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| p.1 #5 · Dynamic range - Canon vs Nikon |
I could word my question differently: why does EV vs ISO characteristic curves differ so much between Canon and Nikon cameras? Canon usually has a plateau at low ISO values.
As you have noticed, the DR curve for Canon reaches a plateau at the lower ISO settings. The reason for this is read noise caused by sub-standard electronic components on the sensor. There is a constant low-level noise generated by poorly designed electronics, and this low-level noise sets a hard limit on how much detail you can pull out of the shadows.
Whatever extra DR you might've gained in shooting ISO 100 instead of ISO 400 is obliterated by this blanket of constant noise. Note that this operational noise produced by electronic components is very low, but constant; so at higher ISO settings their effects are negligible compared to other, more significant sources of noise. Unfortunately, at the lowest ISO settings this operational noise is essentially the largest source of noise.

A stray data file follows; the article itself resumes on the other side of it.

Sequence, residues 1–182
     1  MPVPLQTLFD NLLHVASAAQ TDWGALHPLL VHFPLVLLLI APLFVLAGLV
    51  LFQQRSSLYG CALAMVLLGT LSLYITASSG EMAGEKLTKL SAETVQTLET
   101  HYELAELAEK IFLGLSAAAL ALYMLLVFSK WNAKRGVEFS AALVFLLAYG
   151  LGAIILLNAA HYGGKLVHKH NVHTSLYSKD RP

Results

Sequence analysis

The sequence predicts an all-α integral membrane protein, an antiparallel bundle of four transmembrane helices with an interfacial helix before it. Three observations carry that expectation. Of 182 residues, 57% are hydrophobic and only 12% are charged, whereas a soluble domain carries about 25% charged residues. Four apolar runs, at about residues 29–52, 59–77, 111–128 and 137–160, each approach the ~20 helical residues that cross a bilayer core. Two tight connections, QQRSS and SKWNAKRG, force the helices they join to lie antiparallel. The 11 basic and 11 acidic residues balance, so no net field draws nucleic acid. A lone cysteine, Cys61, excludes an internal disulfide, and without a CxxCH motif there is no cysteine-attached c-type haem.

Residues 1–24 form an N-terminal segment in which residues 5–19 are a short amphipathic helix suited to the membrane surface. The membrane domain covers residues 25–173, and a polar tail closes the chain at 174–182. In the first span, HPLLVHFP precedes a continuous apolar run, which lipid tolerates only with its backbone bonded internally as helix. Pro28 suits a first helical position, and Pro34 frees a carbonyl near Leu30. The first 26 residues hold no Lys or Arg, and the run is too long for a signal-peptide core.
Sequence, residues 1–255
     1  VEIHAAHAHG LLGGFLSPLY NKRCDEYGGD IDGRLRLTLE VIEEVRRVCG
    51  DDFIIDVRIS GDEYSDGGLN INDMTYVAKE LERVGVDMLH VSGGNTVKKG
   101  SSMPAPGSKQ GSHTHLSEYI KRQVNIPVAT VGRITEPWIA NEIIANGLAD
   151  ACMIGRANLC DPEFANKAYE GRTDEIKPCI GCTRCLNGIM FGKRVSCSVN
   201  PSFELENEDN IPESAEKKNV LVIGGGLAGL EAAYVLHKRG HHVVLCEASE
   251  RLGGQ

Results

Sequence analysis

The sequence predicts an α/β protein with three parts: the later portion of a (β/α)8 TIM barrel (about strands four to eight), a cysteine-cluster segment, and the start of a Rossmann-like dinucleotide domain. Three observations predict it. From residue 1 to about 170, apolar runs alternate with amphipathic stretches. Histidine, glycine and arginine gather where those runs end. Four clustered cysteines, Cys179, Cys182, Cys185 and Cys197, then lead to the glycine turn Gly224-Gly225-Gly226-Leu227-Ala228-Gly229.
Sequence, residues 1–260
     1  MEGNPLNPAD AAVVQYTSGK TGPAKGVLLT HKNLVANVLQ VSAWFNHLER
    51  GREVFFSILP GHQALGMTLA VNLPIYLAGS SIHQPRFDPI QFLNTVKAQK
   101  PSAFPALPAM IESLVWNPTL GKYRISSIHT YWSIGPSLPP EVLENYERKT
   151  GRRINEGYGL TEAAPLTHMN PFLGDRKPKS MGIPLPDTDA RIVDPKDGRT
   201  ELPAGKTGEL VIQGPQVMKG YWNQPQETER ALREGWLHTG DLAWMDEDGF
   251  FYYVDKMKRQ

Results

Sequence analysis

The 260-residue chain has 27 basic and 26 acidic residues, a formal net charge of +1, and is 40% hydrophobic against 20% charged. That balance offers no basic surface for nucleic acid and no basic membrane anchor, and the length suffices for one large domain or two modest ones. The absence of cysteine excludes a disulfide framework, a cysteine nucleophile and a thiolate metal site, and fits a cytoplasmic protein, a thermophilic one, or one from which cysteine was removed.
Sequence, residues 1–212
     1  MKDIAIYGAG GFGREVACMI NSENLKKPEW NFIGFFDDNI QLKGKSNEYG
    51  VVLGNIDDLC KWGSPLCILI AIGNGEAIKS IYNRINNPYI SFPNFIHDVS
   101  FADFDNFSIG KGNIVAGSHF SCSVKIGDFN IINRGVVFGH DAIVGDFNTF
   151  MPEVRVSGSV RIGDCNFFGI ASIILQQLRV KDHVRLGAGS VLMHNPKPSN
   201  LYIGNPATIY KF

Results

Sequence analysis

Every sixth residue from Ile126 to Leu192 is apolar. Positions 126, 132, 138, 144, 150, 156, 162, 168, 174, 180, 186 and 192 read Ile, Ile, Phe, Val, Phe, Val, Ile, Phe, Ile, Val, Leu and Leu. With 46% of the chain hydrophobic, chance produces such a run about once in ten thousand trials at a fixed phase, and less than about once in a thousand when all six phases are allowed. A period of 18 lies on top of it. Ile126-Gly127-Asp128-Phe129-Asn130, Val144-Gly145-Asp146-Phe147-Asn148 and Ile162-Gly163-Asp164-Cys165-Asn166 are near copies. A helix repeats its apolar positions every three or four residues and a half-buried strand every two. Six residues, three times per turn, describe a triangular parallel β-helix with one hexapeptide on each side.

This is the reason why the 5D Mark II, for example, doesn't have as much DR as you might've expected at low ISO... given its excellent high ISO performance.
But it would be unfair to attribute this problem strictly to Canon cameras. Based on the DXO charts, it looks like (almost) all other brands out there exhibit this characteristic. But Nikon must've made major advancements in its recent batch of SLRs. They developed it for use with the D3x, then apparently passed down the tech to other cameras since (D90, D5000). That's why these newer Nikons all have DR curves whose slopes don't plateau at the lower ISO ranges. For example, the lowly D5000 boasts higher DR than the mighty D700...